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Is it possible to use the ring $R = \mathbb{Z}/4\mathbb{Z}$ to construct a counter-example that submodules of free modules are not necessarily free?

Thanks a lot.

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up vote 6 down vote accepted


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Dear Georges: I hope I did what you wanted. (Otherwise you can make a new edit.) ($+1$) – Pierre-Yves Gaillard Mar 31 '12 at 8:26
To Georeges: you're welcome. To users: The trick is to add something like S{}{}{}$ with enough pairs of curly brackets. – Pierre-Yves Gaillard Mar 31 '12 at 8:42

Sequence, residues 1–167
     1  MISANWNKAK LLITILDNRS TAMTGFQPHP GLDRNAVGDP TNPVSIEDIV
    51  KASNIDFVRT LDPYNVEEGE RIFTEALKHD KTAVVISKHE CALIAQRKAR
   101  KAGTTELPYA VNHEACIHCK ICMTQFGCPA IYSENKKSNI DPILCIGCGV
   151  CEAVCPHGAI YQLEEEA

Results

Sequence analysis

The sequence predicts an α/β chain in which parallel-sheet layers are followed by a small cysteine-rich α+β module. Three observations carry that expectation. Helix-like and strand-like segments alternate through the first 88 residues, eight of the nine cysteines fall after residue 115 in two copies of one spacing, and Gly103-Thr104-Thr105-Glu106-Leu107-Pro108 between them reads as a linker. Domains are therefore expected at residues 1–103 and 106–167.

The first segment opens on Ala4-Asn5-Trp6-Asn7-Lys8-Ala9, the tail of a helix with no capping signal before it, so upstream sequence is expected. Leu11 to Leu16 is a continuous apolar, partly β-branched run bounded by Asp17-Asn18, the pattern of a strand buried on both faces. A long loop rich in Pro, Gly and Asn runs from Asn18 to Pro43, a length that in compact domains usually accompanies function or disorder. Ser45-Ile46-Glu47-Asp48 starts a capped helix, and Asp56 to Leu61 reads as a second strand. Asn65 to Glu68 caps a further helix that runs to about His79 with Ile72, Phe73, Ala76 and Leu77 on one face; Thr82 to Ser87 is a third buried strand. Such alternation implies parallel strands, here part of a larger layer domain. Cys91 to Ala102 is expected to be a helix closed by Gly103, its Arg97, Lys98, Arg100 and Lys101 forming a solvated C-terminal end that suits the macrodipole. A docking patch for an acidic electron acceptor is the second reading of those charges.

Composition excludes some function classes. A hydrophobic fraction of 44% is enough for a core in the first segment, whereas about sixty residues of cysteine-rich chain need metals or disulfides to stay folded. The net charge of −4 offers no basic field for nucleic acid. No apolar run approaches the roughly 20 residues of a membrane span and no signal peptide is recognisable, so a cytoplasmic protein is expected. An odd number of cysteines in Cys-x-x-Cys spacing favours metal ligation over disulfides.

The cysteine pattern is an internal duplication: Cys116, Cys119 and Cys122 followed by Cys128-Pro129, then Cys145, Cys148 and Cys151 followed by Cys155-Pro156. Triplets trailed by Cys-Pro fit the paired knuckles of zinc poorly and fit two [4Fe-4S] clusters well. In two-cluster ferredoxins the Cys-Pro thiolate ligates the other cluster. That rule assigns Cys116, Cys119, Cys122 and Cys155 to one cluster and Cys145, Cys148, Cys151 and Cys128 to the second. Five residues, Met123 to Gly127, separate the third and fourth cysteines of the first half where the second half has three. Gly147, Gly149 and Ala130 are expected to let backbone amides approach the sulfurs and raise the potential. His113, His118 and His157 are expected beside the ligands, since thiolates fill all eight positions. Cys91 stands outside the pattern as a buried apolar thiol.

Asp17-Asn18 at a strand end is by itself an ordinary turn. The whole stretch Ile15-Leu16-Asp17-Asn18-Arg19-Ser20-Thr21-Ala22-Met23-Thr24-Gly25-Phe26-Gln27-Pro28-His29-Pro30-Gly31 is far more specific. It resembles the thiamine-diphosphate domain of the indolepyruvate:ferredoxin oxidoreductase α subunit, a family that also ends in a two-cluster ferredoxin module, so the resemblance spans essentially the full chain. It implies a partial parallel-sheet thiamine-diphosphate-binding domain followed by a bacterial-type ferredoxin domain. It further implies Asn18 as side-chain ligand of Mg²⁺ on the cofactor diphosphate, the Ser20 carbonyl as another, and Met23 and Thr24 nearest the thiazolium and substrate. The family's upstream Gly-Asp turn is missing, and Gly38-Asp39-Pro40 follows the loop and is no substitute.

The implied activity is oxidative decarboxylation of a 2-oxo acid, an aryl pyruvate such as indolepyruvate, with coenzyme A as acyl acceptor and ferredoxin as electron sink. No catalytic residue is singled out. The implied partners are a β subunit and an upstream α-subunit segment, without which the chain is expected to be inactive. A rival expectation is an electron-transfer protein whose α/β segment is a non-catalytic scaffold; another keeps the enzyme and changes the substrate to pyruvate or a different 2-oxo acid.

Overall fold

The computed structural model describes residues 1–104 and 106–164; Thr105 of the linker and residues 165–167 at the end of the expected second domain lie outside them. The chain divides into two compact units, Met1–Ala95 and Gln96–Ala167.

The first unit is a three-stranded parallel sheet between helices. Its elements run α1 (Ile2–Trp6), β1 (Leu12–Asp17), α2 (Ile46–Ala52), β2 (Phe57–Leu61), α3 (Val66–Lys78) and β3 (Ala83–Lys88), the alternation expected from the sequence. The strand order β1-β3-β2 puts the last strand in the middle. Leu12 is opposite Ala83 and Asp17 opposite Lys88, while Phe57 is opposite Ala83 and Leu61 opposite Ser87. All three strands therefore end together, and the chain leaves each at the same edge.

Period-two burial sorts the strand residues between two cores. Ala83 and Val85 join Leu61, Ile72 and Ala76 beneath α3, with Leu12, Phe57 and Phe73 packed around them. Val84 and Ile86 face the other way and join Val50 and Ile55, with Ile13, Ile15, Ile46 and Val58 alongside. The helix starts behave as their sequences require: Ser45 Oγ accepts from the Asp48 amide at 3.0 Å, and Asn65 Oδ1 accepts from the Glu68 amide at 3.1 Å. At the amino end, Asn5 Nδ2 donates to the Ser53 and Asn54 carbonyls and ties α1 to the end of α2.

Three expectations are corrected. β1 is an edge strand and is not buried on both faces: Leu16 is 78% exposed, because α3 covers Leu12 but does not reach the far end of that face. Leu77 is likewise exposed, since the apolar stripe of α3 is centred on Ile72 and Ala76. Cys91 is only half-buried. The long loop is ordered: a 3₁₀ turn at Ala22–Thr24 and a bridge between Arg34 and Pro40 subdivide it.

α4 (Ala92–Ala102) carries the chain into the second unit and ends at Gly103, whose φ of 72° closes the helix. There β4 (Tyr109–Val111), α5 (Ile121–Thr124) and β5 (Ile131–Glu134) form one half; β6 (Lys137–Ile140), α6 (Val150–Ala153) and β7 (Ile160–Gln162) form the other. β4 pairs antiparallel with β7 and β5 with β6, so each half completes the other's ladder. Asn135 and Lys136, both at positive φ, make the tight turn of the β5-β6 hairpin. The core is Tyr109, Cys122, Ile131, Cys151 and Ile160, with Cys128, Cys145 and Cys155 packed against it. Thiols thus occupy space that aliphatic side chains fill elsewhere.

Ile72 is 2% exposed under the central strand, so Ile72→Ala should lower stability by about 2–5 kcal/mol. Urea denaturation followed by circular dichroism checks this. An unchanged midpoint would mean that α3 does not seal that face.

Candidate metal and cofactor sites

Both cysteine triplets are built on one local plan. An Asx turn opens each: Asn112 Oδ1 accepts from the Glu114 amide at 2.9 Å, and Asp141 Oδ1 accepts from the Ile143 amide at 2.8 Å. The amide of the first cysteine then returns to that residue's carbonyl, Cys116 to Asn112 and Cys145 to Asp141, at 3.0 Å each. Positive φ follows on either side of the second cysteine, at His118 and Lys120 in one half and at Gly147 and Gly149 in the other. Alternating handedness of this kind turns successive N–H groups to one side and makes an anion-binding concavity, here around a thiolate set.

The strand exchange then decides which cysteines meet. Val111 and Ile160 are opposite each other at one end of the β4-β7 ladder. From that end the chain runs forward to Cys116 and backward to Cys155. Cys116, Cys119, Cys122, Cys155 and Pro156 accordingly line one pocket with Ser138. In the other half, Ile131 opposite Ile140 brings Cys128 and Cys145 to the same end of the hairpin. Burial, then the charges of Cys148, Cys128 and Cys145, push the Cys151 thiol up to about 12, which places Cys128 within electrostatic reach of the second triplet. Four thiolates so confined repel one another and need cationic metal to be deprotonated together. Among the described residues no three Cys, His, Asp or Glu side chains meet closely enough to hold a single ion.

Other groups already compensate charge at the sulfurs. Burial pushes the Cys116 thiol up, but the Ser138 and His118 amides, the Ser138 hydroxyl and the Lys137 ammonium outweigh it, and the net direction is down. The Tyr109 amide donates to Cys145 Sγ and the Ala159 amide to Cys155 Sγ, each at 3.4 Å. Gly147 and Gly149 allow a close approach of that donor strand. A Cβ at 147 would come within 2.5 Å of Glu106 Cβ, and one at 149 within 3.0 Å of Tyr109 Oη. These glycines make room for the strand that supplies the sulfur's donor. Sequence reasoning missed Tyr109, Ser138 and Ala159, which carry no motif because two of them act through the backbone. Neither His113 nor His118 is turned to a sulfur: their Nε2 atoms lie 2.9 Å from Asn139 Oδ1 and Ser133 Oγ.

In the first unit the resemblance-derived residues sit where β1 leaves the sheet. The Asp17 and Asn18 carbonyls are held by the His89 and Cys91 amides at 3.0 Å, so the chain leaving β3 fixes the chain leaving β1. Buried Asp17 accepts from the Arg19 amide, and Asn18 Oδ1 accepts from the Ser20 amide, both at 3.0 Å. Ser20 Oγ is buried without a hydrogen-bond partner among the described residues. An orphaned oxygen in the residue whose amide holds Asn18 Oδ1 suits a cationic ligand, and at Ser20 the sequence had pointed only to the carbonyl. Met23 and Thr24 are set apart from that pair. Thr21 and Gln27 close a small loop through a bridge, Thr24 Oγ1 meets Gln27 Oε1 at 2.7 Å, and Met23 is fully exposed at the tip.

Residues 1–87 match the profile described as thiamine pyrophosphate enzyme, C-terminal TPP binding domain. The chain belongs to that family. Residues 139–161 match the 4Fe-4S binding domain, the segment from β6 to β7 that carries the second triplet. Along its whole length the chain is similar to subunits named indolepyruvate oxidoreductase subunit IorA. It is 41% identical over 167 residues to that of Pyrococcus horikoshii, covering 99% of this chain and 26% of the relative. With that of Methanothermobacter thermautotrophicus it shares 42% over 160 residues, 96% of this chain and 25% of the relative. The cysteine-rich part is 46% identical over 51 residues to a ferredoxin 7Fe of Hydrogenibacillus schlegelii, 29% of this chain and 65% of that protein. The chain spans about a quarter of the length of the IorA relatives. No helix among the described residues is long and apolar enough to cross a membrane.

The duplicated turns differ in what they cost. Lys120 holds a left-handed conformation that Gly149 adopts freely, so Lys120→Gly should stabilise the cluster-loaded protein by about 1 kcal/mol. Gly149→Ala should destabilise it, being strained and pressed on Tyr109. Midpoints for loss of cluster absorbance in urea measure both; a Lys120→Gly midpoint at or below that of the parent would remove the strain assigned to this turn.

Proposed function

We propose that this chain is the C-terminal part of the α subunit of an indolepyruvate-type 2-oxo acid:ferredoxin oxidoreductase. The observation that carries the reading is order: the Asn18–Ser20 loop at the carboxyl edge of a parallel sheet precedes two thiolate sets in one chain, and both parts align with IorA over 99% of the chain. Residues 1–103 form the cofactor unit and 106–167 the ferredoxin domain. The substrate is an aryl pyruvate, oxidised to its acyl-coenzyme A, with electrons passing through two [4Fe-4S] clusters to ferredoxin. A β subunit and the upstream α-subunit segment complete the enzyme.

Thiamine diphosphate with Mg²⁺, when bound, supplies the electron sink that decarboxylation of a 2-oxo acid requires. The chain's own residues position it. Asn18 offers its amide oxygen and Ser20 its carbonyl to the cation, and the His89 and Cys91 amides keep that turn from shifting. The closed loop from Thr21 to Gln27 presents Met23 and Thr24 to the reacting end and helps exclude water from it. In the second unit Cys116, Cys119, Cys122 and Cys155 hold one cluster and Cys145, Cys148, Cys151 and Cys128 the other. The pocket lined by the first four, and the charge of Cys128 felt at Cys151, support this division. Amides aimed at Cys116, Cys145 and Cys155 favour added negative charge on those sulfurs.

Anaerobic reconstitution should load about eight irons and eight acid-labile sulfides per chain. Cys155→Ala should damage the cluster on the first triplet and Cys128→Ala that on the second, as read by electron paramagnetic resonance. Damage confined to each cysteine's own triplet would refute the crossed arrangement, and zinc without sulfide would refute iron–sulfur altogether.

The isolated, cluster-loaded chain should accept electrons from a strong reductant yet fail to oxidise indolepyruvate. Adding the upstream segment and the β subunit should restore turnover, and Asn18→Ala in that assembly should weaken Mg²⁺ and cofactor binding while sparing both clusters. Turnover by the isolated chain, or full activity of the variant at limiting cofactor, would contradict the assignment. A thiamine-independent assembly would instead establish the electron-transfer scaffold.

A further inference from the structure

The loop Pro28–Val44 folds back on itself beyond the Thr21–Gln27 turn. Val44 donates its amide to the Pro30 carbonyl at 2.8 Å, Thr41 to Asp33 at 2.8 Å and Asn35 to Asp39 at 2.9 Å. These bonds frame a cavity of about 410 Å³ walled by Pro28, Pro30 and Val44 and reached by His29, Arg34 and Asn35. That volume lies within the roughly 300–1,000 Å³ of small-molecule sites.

You're confusing things: $2R$ is not free (for cardinality reasons, for example) while $R$ is free by definition. – t.b. Mar 31 '12 at 8:57
$2R$ has two elements, while a free module has a multiple of four elements. – t.b. Mar 31 '12 at 9:11
A free module is a module isomorphic to $R^n$, this latter has $4^n$ elements since $R$ has four of them. – t.b. Mar 31 '12 at 10:07

For any commutative ring $R$ with unity, $R$ is a free module over itself. If $0\ne a\in R$ is a zero-divisor, then the principal ideal generated by $a$ as a submodule of $R$ is not free. So your example works.

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